Scoop's Ups and Downs

illustrated by Alex Patterson

Scoop the building site cat tries to get a drink and falls into a bucket with a splash! How will he get out?

This book is part of Oxford Reading Tree’s Story Sparks series, a primary guided reading series. It has a very simple, phonically decodable text with some extra high-interest words.

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UK Paperback
ISBN-10 : 0198415044 • ISBN-13 : 978-0198415046

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Author's Note

Scoop’s Ups and Downs is a modern-day re-telling of The Fox and the Well Bucket, one of the Brer Rabbit stories from American Folklore.

I’d read some of Enid Blyton’s re-tellings of the Brer Rabbit stories as a child and fallen in love with the mischievous character, who is believed to have been based on Anansi, a trickster from African folklore. I had previously pitched adaptations of The Fox and the Well Bucket story to a couple of publishers using the original characters, but they had not been accepted.

When I was invited to submit ideas for Oxford University Press’s new Story Sparks series, I sent them another adaptation of the story. Their commissioning editor liked the adaptation but asked if I could re-cast the story and re-set it in a modern urban setting as she already had a Story Sparks story featuring a fox and OUP published a separate series of traditional tales. I said I’d give it a go, which is why my retelling of the story is about two cats on a building site!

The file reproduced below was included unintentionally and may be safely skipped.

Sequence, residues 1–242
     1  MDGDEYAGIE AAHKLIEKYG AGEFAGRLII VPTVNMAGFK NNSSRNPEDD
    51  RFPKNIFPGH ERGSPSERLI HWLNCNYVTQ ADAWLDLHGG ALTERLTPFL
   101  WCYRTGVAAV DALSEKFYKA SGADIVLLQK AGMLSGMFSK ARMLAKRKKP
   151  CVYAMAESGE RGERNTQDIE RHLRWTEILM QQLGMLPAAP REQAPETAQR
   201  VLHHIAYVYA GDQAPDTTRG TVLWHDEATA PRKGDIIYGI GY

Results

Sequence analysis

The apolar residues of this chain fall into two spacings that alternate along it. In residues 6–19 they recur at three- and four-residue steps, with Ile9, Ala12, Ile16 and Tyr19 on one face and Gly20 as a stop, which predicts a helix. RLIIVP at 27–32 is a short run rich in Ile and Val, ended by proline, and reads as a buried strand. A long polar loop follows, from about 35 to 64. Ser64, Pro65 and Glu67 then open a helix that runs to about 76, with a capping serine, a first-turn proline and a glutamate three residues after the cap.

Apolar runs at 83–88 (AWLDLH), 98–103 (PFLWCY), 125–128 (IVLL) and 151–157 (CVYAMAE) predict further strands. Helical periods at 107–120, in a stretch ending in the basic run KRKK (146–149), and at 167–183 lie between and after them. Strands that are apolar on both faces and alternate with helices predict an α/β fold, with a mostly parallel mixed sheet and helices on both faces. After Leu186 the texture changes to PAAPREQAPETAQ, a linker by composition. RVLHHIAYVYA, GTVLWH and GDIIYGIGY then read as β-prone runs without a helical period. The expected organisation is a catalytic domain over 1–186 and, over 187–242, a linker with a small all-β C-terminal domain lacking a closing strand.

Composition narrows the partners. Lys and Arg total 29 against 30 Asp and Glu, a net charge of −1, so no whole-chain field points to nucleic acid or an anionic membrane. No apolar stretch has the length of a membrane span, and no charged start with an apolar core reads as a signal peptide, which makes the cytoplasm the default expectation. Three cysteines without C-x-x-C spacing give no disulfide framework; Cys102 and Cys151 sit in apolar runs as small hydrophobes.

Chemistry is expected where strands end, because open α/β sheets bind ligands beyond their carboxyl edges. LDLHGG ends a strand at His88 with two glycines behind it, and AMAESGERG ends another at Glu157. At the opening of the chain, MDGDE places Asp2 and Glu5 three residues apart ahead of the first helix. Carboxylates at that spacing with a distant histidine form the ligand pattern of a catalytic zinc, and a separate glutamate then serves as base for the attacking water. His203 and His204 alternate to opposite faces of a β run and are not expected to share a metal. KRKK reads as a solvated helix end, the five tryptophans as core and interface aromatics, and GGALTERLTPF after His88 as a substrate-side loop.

An A B Frost illustration of the original Brer Rabbit story alongside one of Alex Paterson's illustrations for our re-telling.

The text of Scoop’s Ups and Downs is far simpler than most of my picture books and it’s the first book I’ve done in a phonic format. I’ve written quite a few books for reading schemes like OUP’s Treetops Series and I’m used to working with a word count and language levelling, but the additional restriction imposed by a phonic brief presented a new challenge to me.

My first draft of the story began with the words:

“It was a sunny day on the building site.”

However all of the words shown in blue are incompatible with the phonic level the book was intended for, which is why the first line now reads:

“It was a hot morning in the town.”

I’m grateful to freelance editor (and author) Teresa Heapy for patiently explaining the ins and outs of phonic formatting and for helping me to knock the text into shape.

The book is illustrated by Alex Paterson, who had previously illustrated The Greatest Scientist of All Time, a short play script included in Skyboy and other Stupendous Science Stories. Alex has a great knack for comic characters and I’m delighted with the way he has brought this simple story to life.